NEW YORK, NOV. 6 -- Prudential-Bache Securities Inc. plans to lay off up to two-thirds of its investment banking division, sources said today, as the chairman of the Wall Street firm declared that "business stinks."
The cuts at the investment bank that touts itself in ads as "rock solid, market wise" are the latest in the securities industry's devastating recession that has reduced employment by more than 45,000 jobs since 1987.
Meanwhile, the owners of struggling CS First Boston Inc. reportedly will buy a large portion of the firm's $1.1 billion in temporary loans to clients, made unsellable by the collapse of the junk bond market.
Prudential-Bache, a unit of Prudential Insurance Co. of America, confirmed it was abandoning a four-year effort to become an investment banking power, drastically reducing the size and focus of the division. In a statement, Prudential-Bache did not specify the size of the cuts, but sources at the firm who spoke on condition of anonymity said about 120 of 180 investment banking professionals would be laid off. Additionally, an undetermined number of the division's 100 support personnel are to be cut.
Other Wall Street firms recently also have slashed staff working with investment banking, the lucrative growth area of the 1980s that involves financing mergers and acquisitions and raising capital for companies.
Industry powerhouse Morgan Stanley & Co. last week said it was reducing its investment banking force by 6 percent. Shearson Lehman Brothers Inc. and PaineWebber Inc. also recently laid off investment bankers and First Boston is expected to make layoffs in coming weeks.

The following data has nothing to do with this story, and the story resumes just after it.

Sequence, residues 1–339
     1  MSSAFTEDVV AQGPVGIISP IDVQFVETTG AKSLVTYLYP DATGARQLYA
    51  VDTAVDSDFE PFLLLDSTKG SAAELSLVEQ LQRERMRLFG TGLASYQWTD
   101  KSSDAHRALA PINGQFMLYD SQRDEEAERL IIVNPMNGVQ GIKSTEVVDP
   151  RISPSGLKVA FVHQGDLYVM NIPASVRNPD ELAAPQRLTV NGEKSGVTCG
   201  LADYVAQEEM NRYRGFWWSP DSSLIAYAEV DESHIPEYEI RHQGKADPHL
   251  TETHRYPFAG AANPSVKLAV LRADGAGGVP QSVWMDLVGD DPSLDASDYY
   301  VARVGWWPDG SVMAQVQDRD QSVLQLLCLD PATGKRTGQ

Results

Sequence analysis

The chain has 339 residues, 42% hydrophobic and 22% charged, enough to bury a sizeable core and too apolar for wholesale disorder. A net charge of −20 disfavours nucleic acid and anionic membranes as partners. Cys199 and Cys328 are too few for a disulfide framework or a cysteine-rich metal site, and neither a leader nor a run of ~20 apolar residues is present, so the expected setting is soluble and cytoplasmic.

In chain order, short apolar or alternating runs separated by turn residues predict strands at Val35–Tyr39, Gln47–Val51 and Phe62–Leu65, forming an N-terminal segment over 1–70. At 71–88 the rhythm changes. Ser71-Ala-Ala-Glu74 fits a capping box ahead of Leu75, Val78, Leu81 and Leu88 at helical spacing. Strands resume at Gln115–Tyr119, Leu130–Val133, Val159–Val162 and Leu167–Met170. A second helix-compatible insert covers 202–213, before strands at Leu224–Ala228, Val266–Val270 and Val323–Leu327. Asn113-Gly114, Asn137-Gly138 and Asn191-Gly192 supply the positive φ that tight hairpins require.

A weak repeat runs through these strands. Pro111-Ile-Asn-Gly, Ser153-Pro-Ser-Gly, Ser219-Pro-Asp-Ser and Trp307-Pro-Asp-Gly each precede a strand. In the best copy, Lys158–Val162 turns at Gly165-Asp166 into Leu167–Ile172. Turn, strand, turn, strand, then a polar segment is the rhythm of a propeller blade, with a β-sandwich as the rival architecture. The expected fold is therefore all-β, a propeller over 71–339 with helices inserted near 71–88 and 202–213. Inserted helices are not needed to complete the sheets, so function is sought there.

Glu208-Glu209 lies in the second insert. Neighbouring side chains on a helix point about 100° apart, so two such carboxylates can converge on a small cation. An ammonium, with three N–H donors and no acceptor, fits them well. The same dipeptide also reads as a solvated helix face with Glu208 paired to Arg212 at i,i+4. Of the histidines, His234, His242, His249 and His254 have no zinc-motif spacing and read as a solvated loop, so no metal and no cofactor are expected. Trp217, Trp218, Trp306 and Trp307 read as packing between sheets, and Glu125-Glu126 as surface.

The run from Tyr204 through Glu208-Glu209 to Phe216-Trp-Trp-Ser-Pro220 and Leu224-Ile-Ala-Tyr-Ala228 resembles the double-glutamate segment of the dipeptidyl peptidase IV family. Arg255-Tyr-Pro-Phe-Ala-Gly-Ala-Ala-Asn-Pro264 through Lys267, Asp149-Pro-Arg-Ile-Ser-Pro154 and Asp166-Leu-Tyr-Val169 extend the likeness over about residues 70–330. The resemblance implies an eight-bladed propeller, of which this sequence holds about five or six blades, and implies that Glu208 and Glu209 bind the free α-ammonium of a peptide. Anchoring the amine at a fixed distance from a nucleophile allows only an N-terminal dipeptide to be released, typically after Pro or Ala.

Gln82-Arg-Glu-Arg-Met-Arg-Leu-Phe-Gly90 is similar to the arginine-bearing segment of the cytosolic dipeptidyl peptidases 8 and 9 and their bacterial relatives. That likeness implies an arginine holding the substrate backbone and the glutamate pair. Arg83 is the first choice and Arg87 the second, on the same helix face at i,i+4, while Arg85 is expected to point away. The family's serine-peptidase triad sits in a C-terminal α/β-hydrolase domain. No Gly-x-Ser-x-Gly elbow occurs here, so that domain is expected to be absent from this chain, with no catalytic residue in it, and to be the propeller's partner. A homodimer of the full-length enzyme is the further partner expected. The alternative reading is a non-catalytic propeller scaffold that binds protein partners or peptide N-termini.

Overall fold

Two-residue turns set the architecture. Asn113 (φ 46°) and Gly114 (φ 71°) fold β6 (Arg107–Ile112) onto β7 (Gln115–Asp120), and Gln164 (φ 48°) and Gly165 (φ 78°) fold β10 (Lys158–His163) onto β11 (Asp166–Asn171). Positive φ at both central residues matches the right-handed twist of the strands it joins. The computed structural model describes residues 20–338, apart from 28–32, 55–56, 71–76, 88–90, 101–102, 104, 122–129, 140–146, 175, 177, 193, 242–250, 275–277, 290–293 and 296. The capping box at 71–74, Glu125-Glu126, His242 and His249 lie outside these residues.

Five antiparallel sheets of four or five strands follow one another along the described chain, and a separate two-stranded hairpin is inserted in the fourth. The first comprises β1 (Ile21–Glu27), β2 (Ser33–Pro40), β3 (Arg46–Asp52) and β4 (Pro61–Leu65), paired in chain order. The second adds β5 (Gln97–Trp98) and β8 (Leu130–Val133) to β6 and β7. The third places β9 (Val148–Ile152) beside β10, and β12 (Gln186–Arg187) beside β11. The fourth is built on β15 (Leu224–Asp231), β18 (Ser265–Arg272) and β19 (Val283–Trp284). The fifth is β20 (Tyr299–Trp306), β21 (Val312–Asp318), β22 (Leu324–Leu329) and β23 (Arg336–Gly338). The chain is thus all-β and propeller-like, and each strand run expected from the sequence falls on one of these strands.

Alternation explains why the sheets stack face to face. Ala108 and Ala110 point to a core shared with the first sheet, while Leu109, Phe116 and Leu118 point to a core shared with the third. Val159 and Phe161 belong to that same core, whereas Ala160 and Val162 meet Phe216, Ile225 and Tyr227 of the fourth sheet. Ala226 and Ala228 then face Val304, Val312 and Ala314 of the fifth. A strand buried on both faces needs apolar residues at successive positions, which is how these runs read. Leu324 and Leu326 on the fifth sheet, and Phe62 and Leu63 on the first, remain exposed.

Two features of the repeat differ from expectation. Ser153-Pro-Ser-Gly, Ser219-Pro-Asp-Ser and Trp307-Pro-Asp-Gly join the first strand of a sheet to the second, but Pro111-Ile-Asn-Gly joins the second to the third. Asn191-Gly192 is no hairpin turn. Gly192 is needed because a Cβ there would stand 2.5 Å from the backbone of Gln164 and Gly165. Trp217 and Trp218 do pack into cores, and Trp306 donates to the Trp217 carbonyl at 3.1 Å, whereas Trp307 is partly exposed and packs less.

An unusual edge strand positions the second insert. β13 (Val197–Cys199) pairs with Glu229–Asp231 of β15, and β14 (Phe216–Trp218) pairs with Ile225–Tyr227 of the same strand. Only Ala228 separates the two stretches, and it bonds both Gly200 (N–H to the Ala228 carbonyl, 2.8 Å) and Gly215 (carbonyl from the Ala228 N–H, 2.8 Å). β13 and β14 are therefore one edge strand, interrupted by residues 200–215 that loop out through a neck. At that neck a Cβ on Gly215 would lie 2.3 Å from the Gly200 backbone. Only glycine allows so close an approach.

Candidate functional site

Employment industry-wide has dived 17 percent to 216,000 at the end of June from 262,000 in October 1987. The reductions place the industry at 1985 levels, still about 55 percent above total employment in 1980.
Prudential-Bache Chairman George Ball said in a memo to employees last week that slumping business "argues for a smaller, leaner crew moving forward" that will focus on specific industries where the firm has succeeded in the past. He said the investment banking division lost money last year and thus far in 1990.
Ball blamed the problems partly on the division's lack of an established client base. With business down across the board, firms with long-standing clients are more likely to survive the industry's recession.
"Solid investment banking deals continue to be scarcer than a lizard's smile," Ball said in another recent memo. "The fault isn't our bankers'; it's environmental."
He said the overall industry is no better, as individual investors and money management institutions are afraid to commit money. "Business stinks," Ball said.
Prudential-Bache in 1986 decided to spend more than $110 million to strengthen its investment banking force to expand on its power as a retail brokerage catering to individual investors. But beset with declining mergers and underwriting, as well as reduced stock trading activity, the firm lost $51 million last year.
Cuts at the firm also are expected in other divisions.